The Mara and Conservation

Our family has had membership tofthe East African Wildlife Society for over 20 years, supporting their work and enjoying their excellent Swara magazine. Last week I attended one of their Imre Loefler conservation lectures. The speaker was Justin Heath, manager for a number of community conservancies on the periphery of the Maasai Mara. The lecture was called, ‘The Mara Conservancies: Past, Present and Future’, and it was held at the Karen Country Club.

I met up with Justin the following morning to ask him some more questions. He explained that at present, roughly 200,000 acres of private land is formally protected under the conservancy model with another 35,000 currently being established. As of 2006, when Maasai families were issued title deeds, ‘group ranches’ converted to the conservancy model by registering and leasing their land to management organizations such as Seiya Ltd, who Justin works for.

In exchange for this, the Maasai families, currently numbering around 3000, get numerous benefits. The conservancies are mainly funded by lodges who incorporate a per bed-night fee into their rates. With the intention to minimize impact on the ecosystem and delivering the best possible tourism experience, everyone agreed to a maximum number of beds, ranging from 228 acres per bed in the Olare Motorogi Conservancy to 350 acres per bed in the Mara North Conservancy.

With the revenue, families receive monthly ‘rent’ that, for Mara North, reflects the average revenue the acreage would earn if it was leased to wheat farmers, an ever increasing trend. On top of the direct revenue, money is spent on education, alleviation of human-wildlife conflict, water provision, as well as livestock and grazing management.

Despite the progress, numerous challenges still persist. Most significant is the current downturn in tourism. Without consistent revenue, the conservancies are going to struggle to fund their various projects and lease schemes.

Ultimately, all title deed owners have the choice to do with their land what they please. If they are not registered to the conservancy models, there is little that can be done when land is sold for development or a new cattle boma is erected. Sub-division is an ever present issue, especially as economic viability, under virtually any land use, reduces each time the acreage shrinks. Justin described how fences are going up all over the greater Mara. From an environmental perspective, this fragmentation leads to increased pressure on soils and grazing and eventually threatens to cut off wildlife populations and their genetic flow.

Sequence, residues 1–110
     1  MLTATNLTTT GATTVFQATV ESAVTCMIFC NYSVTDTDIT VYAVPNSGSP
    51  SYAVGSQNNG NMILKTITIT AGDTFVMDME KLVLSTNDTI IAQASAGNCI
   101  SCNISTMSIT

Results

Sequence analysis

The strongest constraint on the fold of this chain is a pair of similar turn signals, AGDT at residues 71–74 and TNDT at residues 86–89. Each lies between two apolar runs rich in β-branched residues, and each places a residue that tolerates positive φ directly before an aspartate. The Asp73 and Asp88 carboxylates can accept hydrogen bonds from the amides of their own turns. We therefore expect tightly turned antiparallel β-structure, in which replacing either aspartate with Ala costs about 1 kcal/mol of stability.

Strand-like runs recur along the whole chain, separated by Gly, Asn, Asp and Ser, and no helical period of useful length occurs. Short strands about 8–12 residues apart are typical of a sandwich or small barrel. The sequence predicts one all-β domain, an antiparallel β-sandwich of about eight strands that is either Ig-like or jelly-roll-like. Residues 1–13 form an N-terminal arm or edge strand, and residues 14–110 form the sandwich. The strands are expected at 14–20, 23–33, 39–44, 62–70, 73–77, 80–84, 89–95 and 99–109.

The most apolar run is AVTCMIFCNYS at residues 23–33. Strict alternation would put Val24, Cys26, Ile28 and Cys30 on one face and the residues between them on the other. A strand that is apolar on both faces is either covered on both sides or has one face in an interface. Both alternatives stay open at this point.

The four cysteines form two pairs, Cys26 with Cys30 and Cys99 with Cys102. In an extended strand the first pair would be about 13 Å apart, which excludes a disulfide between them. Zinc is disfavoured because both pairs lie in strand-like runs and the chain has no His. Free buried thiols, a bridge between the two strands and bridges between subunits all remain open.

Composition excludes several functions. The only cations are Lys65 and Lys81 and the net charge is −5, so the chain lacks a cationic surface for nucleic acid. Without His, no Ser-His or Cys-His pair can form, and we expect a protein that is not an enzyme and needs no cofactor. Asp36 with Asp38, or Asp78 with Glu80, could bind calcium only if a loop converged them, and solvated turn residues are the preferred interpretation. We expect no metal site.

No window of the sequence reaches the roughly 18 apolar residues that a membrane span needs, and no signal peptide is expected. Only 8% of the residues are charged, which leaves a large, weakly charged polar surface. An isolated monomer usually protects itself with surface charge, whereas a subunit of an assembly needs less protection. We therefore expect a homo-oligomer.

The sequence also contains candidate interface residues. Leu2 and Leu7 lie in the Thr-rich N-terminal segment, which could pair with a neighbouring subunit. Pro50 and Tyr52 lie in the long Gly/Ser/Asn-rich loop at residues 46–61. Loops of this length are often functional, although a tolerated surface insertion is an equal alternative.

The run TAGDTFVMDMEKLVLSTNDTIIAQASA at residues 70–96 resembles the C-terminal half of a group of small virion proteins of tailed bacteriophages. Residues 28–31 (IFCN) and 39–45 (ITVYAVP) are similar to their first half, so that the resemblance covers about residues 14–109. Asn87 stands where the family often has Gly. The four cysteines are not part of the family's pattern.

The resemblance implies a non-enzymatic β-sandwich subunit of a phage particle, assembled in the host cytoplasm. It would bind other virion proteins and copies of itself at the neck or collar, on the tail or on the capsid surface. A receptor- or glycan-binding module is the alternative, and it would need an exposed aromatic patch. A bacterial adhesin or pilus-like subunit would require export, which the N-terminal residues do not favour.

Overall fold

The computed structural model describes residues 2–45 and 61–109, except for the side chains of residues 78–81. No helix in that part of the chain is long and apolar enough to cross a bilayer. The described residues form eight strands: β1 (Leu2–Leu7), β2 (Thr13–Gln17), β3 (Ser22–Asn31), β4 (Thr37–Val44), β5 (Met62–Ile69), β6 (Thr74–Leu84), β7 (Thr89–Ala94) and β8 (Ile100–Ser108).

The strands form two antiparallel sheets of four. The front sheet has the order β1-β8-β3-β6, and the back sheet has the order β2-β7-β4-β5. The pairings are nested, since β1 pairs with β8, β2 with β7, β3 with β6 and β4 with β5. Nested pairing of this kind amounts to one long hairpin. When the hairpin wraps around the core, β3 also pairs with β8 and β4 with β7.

Cattle are central to Maasai culture. Competition for grazing with wildlife, as well as occasional livestock losses to predators, are common issues. Management attempts to grow grass banks and also control the cattle herds to maximize the benefits to all parties. Graze rotation prevents overgrazing and reduces the need for or threat of fires. Ultimately, well managed herds will contribute to the landscape, Maasai cultural integrity, and also reduce instances of illegal grazing in the National Reserve.

The land on the periphery of the National Reserve is vital for the survival of the park itself. While most of the ecosystem lies across the border in Tanzania, sustaining the famous wildebeest migration, the conservancies fulfill another dispersal role. There is a wildebeest migration that runs to and from the Loita Hills. These herds used to go all the way to the Southern Ewaso Nyiro; that’s nearly as far as Magadi. However, with land use changes, the herds are largely restricted to the conservancies. Elephants roam widely and often make their way into areas such as the Mau. From the maps Justin displayed, most poaching occurs on the edge or outside of the conservancies, highlighting their role as a buffer.

It’s these marginal areas that urgently require attention. If tourism numbers begin to rise again, land peripheral to the reserve should run successfully on the conservancy model, if well managed. However, isolated areas are more likely to be converted to less sustainable land-use despite their ecological importance. Much like the Northern Rangelands Trust in Northern Kenya, they require alternative economic support. However, these areas have higher agricultural potential than the drier north, and while agriculture is imperative to the country, its development doesn’t need to be at total odds with conservation. After all, if it is to benefit the long-term viability of Kenya’s most important tourism destination, careful planning is a must.

And what can we do to help? With camps and lodges all desperate to stay afloat, numerous special offers are available, especially up until mid-June. While the bed-night fees are much lower for citizens and residents, so as to encourage local access to our natural heritage, our support is still vital. Visiting keeps people employed and supports the communities and wildlife of the wider Mara Ecosystem. And if that isn’t enticing enough, Justin ended his presentation by declaring that the conservancies now offer a more consistent wildlife experience than the main reserve, especially outside the migration period.

The Imre Loefler lectures are usually held quarterly. However, this coming Thursday, the 25th of March, conservation stalwart, Dr. Richard Leakey, will be speaking. EAWLS members can find out more by contacting rose.events@eawildlife.org or calling 0722202473/0734600632.